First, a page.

When you're deep in debt, it can feel like an impossible situation. You may have fallen behind on credit card bills, medical bills or other debts, but you're working and trying to save up the money to pay off your unpaid balance. And then, you see that one of your creditors is not going to wait. It has already started taking a chunk out of your take-home pay through wage garnishment.
Residents of Eastern Tennessee who are experiencing financial troubles probably worry most about losing their homes. One of the most common questions regarding bankruptcy is whether the bank holding the mortgage on a home can commence foreclosure proceedings and reclaim the house. The answer to this questions is not a plain "yes" or "no." The answer depends upon many factors, including the type of bankruptcy petition that the homeowner files.
Most people in Eastern Tennessee think of bankruptcy as a method of discharging their obligation to pay back certain debts. Many people resist the idea of filing a bankruptcy petition because they are afraid that they will lose valuable possessions, most significantly, the family home. While understandable, this fear overlooks an important feature of the bankruptcy code: debt reaffirmation.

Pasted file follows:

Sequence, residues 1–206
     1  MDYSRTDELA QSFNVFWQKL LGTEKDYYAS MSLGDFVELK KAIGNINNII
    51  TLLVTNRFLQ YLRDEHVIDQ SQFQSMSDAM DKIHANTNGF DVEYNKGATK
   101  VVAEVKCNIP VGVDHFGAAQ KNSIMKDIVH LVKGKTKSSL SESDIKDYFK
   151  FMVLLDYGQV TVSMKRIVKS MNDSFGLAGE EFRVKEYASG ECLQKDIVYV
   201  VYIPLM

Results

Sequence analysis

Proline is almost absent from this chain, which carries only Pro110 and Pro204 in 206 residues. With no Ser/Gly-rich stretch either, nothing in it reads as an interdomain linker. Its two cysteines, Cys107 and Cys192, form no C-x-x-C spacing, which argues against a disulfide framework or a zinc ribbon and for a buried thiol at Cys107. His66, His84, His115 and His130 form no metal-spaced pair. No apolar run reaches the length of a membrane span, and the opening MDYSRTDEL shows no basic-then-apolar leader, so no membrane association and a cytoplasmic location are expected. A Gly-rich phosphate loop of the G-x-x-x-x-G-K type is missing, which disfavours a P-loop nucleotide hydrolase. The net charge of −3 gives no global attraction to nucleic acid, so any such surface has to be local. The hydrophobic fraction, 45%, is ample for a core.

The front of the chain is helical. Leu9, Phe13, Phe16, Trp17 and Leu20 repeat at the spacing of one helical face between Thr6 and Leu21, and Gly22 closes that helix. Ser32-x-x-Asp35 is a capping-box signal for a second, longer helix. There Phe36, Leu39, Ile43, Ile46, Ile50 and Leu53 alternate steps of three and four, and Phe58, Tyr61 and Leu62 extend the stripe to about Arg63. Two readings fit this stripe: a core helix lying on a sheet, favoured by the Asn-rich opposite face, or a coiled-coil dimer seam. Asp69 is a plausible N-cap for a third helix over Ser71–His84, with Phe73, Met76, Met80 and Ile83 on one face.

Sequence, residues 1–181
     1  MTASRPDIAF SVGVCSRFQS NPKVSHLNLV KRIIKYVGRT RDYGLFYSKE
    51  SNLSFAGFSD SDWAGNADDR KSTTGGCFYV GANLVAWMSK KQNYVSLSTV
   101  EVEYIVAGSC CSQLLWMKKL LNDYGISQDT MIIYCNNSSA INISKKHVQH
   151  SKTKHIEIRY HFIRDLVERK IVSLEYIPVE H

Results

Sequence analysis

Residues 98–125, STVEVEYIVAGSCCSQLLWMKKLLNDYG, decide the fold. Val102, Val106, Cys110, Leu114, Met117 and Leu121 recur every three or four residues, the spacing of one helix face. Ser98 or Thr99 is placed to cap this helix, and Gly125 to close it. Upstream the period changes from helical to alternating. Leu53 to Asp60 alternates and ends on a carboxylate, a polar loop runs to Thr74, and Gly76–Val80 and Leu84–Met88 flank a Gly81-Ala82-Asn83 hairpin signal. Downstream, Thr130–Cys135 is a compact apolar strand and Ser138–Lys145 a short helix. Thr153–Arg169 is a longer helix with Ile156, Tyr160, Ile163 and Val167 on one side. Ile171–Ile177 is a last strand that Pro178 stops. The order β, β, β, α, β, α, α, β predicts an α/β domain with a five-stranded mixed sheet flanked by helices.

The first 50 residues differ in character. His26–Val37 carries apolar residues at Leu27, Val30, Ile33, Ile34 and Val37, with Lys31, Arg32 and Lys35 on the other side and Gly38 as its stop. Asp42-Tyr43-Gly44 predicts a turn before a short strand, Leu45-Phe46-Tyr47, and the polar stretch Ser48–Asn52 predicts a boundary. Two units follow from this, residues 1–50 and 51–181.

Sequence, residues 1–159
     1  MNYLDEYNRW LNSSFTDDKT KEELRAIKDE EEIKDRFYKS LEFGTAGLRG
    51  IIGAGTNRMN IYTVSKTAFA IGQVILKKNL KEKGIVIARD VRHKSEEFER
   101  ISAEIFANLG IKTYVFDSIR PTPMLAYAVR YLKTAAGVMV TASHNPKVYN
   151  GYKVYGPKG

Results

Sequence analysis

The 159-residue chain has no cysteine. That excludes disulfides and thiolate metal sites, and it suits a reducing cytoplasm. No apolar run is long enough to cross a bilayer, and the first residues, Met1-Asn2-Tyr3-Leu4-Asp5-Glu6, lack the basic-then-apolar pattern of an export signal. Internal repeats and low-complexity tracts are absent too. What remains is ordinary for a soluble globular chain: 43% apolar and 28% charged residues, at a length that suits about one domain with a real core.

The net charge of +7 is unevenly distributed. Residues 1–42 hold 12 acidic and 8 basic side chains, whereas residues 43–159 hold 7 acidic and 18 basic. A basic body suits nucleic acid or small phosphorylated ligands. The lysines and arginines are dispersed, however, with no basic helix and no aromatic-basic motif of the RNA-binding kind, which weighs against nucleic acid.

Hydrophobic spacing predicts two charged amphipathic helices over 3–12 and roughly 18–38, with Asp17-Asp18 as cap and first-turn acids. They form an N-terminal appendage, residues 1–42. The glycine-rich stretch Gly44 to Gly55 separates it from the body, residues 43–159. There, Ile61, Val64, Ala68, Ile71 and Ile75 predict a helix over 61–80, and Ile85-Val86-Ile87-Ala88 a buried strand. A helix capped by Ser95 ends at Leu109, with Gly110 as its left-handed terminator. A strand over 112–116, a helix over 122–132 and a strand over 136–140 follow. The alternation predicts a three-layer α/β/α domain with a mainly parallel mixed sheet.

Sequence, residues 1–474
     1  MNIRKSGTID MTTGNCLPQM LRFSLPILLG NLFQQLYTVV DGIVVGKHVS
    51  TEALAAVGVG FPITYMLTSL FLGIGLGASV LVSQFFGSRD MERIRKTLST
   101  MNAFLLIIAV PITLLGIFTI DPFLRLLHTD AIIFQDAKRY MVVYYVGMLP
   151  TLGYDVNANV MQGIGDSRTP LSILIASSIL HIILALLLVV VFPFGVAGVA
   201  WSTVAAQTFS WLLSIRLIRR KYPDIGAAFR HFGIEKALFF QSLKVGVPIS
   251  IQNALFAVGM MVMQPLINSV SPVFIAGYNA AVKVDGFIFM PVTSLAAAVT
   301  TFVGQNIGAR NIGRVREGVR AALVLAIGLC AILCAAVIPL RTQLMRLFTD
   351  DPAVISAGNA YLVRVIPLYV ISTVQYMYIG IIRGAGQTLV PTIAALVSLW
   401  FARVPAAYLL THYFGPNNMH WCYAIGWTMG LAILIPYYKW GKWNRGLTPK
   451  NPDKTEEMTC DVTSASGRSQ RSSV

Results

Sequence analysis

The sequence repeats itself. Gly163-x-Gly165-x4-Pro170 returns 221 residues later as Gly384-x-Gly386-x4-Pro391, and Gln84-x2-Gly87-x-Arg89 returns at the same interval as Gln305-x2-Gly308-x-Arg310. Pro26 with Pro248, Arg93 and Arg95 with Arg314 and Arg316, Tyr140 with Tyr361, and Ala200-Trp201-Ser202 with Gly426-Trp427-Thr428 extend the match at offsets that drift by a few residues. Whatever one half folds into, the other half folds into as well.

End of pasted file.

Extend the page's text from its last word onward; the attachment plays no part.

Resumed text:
Most people in Eastern Tennessee have probably never heard of the CARD Act, even though it contains some of the broadest consumer protection provisions in the United States Code. Even a summary understanding of the Act's provisions can help Tennessee consumers avoid burdensome credit card debt. The Credit Card Accountability, Responsibility and Disclosure Act was passed by Congress in 2009 in response to the Great Recession. The law clarifies certain portions of the Truth in Lending Act and adds a number of important protective measures.
Credit card debt can be easy to accumulate and very difficult to pay back. Unanticipated emergencies, unemployment and other unforeseen expenses can cause credit card debt to add up quickly. Events like holidays and other special occasions can add to the debt. Not too long ago, we discussed the impact of the holiday season on the average American's debt burden.